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Bio-logging techniques to explore the intersection of behaviour, physiology and ecology

2nd International Bio-logging Science Symposium

Submission of Abstracts

Symposium Ethos

The aim of Bio-logging 2005 is to provide a stimulating forum for the exchange of ideas and information about all aspects of bio-logging. Bio-logging lies at the interface between scientific enquiry and technological feasibility. It may be defined as the theory and practice of logging and relaying of physical and biological data using animal-attached archival units. Equally important is the subsequent interpretation and analysis of data obtained. While we welcome the presentation of novel biological insights obtained using bio-logging techniques, we also want to emphasise novel methodological developments.

We have identified four key areas of interest (examples in parenthesis are very much illustrative rather than comprehensive):

o Behaviour (feeding, diving, migration …)
o Ecology (interaction with environment, prey, predators and conspecifics, population ecology…)
o Physiology (respiratory, biochemical, hormonal, …)
o Technology and Analysis (attachment, sensors, data relay, energy sources, track smoothing, …)

Clearly, much of the current work in bio-logging science relates to the intersection of these scientific areas, and we are particularly interested in highlighting such multidisciplinary and cross-cutting research. However, in order to organize the meeting roughly around topics, we aim to devote sessions where each of these overlapping topics is particularly highlighted. Therefore, please indicate all of the relevant key areas of your abstract in order of priority. We will determine the final session schedule to fit the spectrum of interests in accepted abstracts.

Abstract Submission

All abstract submissions should be based on the template. (click here for Abstract template) Authors should email completed submissions as an attachment file (in MS Word or rtf format) to The deadline for abstract submission is 20 February 2005. The authors of accepted abstracts will be notified by the end of March. Accepted abstracts will be collated and made available before the meeting in electronic form and at the meeting in booklet form.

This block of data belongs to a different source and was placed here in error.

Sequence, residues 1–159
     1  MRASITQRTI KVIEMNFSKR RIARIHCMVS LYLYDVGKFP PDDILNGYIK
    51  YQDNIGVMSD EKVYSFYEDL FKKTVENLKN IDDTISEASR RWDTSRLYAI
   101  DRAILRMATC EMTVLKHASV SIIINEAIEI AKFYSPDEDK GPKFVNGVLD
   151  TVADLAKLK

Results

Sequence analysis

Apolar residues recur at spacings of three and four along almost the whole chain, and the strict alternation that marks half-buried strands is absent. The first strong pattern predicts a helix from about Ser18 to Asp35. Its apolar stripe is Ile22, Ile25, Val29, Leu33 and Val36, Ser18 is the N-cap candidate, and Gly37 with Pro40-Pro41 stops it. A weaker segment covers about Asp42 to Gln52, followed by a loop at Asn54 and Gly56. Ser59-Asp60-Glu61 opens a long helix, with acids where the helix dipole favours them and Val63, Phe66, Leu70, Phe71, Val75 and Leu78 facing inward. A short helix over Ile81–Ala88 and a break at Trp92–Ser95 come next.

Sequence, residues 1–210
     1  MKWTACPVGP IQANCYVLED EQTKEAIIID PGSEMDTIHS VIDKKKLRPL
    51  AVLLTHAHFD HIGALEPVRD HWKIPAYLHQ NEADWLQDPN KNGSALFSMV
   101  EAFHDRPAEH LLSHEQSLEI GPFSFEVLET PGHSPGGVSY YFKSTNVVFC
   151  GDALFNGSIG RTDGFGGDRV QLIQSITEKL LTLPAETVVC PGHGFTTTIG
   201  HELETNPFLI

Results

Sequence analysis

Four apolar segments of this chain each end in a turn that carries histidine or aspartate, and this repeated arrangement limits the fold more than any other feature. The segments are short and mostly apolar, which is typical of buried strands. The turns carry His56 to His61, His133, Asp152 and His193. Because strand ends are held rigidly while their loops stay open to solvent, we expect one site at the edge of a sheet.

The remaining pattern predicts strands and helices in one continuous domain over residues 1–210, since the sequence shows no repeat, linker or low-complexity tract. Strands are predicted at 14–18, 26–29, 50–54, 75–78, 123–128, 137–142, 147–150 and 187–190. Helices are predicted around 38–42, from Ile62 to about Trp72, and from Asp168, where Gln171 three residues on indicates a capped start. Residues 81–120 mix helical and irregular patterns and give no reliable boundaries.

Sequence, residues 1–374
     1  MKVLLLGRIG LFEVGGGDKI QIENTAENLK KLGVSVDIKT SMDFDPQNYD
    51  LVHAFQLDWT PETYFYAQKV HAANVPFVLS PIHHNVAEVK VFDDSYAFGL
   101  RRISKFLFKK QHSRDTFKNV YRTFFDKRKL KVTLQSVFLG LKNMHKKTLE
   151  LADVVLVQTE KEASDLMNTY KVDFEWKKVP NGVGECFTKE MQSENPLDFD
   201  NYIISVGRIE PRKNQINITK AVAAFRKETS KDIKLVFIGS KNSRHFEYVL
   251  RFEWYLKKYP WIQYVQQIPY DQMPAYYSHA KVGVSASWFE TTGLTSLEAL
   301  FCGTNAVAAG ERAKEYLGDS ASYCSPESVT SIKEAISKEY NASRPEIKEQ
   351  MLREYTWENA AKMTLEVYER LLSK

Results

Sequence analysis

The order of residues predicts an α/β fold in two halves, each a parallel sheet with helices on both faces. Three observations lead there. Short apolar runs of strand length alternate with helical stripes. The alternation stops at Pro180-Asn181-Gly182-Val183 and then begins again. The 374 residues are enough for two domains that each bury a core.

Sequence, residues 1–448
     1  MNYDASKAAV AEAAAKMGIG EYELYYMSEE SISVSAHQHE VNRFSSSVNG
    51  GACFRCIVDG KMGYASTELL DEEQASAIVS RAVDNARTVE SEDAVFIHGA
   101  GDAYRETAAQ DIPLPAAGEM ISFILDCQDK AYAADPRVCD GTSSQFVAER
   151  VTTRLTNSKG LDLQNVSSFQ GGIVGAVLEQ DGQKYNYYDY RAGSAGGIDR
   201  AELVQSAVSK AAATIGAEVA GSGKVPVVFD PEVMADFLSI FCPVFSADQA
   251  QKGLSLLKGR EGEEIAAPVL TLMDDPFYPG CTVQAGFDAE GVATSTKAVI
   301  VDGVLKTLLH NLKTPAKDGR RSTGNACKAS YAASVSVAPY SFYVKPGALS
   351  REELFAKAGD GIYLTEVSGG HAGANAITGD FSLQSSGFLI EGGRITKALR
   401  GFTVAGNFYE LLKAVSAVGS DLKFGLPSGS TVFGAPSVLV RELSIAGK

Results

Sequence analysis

The symposium will be in the English language. An author may be the first author on only one abstract submission. There will be two types of presentation, poster and oral. Since it is likely that both media will be oversubscribed all abstracts will be reviewed.

The abstract should clearly state the objectives and the challenges of the study. It should then outline the approach taken, and a summary and interpretation of the results obtained. While preference will be given to completed studies, we also wish to encourage communication of current and proposed approaches to bio-logging.

Submitted abstracts will be reviewed using the following criteria:

o Scientific method: The abstract should demonstrate good scientific method.

o Originality: The study should provide a new biological insight or should demonstrate the development of a novel bio-logging system or analysis.

o General interest: The study should be of interest to a varied audience

An example of a completed abstract is shown below:

Contact surname:

Bloggs, G.

Contact e-mail:

Web address (optional)

Authors’ names:

Bloggs, G. (1), Fooey, J. (1) & Hiccup, K. (2)

Authors’ addresses:

(1) Sea Creatures Institute, University of St Magnus, Scotland.  (2) Sea Monster Institute, University of St Aidan, Scotland.

Abstract title:



Over the last decade over 100 ships have reported being attacked by sea monsters (Belua marina).  There is thus a need to document the geographical extent and behaviour of this species in order to redirect shipping routes and reduce attacks.  Using decoy ships, three sea monsters were netted and drugged.  Monster Tags (Monster Tag Company, St Andrews) were then glued to the dorsal scales.  Special chemo-sensors on the tags detected the exhaust emission from ships and Hall effect transducers monitored jaw activity.  This information, and precise location data obtained from the Fooey satellite system were relayed by UHF Hiccup network.

The three monsters were each tracked for six months.  Throughout this period they all remained within the continental shelf break zone, resting at night near the seabed.  Exhaust emission signals were observed to increase over a period of one hour at sunrise.  In 60% of these cases this signal was followed by an average of 10 minutes jaw activity.  The average daily successful attack rate was 1.6.

The data suggest that many attacks are not reported and that passage over the continental shelf zone is best carried out at night.

Word count:


Presentation type:


Key Areas:


File name:



Please use Times New Roman 12 font throughout.

Web address (optional): This is optional, but may be useful for following up contacts from the published Abstract Booklet.

Abstract Title: In upper case.

Abstract: Maximum of 300 words.

Word count: The number of words in the Abstract section.

Presentation type: Choose one from the list (ORAL PREFERRED, POSTER PREFERRED, EITHER)

Key Areas: Choose those relevant areas from the list (BEHAVIOUR, PHYSIOLOGY, ECOLOGY, TECHNOLOGY AND ANALYSIS) and order them in order of importance.

File name: Use the first author's surname as the filename of the file you are attaching in your email. Use either MS Word (*.doc) or Rich Text (*.rtf) format.